Detroit Big 3 Scrambling to Keep Up with Auto Sales

Just three short years after the entire US auto industry nearly came crashing down, Detroit’s Big 3 are flourishing, as sales are expected to top 14 million this year after totaling 12.8 million in 2011. As a result, Ford, General Motors and Chrysler have gone on a hiring spree, adding shifts and hiring workers at plants all over the country to keep up with demand. The entire US auto sector, carmakers and parts companies included, added 38,000 jobs in 2011, reaching a total of 717,000 US workers for the sector. And companies have already announced plans to hire another 13,000 workers this year, mostly on night shifts.

There is a downside to the success, however, as Detroit’s factory network is being strained, as is the network of companies that manufacture parts for the automakers. This could lead to shortages that drive up the price of certain parts, and the cars they are used in. And auto executives are nervous, afraid of hiring too rampantly and driving up costs too high, a predicament that fueled the auto sector crisis in the first place.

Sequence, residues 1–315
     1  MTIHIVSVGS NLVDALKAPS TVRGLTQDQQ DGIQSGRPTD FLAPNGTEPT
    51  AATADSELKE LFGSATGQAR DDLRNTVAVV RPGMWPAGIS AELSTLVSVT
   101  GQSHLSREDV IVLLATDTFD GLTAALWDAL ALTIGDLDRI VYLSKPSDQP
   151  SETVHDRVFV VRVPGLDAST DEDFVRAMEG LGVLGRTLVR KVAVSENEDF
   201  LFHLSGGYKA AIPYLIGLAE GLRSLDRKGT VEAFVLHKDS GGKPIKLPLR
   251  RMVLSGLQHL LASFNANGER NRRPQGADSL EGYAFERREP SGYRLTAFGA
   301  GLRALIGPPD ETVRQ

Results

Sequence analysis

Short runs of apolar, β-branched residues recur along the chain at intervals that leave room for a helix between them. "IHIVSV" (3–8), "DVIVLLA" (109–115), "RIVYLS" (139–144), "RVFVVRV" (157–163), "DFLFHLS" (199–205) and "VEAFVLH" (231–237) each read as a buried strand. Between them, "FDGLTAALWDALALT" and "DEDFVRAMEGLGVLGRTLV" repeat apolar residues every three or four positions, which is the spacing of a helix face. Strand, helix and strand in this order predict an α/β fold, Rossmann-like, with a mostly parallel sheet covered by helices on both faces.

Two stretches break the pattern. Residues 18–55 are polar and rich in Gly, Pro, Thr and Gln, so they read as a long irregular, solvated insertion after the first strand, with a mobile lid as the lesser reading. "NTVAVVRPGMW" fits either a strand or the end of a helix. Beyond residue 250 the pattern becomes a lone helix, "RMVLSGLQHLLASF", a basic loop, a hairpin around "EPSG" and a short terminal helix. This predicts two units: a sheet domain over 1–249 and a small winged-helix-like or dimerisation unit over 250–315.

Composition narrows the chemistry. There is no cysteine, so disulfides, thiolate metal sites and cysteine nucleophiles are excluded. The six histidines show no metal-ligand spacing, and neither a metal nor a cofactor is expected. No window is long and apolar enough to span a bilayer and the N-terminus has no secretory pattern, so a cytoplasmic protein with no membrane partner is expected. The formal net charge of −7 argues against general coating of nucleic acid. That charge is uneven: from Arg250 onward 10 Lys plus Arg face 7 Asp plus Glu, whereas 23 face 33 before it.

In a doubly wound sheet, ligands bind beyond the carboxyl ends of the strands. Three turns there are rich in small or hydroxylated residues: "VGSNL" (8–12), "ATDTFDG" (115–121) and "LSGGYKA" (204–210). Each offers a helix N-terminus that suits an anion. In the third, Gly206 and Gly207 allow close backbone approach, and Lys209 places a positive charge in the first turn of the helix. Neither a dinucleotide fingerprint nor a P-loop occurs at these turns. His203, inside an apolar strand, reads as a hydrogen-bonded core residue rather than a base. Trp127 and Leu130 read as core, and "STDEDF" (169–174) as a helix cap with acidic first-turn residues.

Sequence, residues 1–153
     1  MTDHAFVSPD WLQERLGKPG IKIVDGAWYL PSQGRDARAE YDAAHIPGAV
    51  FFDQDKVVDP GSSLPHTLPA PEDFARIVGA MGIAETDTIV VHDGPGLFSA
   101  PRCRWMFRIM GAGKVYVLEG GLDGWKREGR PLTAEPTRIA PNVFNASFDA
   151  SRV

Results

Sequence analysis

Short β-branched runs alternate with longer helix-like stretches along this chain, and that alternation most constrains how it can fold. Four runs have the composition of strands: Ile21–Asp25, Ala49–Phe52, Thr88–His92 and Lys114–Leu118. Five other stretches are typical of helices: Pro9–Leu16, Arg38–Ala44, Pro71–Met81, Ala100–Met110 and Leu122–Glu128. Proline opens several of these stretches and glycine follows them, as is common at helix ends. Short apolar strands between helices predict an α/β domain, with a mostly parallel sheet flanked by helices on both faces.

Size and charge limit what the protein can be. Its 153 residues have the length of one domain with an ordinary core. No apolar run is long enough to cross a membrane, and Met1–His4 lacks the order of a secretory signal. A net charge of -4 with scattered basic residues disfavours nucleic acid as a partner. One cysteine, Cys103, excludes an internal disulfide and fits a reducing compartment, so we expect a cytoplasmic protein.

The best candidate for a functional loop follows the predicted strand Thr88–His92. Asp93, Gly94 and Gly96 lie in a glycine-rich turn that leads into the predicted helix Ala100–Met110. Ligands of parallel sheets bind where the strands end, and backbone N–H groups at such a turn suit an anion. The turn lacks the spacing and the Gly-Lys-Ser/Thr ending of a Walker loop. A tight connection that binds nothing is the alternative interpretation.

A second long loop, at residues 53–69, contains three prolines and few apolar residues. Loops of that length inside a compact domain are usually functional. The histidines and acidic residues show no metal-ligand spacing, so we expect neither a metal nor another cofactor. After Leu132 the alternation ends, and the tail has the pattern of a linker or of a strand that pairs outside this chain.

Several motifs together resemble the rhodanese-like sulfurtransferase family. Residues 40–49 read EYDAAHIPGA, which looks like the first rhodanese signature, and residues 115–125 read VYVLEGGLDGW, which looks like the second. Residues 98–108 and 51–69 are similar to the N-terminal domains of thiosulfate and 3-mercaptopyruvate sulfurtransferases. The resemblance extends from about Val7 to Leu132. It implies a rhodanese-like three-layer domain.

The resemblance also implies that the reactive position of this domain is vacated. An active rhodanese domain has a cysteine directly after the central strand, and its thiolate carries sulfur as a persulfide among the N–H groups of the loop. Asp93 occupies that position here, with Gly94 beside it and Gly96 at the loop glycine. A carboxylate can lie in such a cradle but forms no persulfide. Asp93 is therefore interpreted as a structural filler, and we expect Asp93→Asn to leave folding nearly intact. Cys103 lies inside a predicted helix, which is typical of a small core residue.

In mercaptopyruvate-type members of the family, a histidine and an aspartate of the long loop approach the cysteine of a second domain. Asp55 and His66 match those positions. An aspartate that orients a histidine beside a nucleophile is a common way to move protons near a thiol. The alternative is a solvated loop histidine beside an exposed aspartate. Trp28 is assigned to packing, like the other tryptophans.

Nonetheless, the rebound of the Big 3 in part justifies the massive bailouts of GM and Chrysler in 2008, and gives President Obama ammo as his November re-election bid approaches. GOP frontrunner staunchly opposed the bailouts, while Obama and his predecessor George W. Bush supported the moves.

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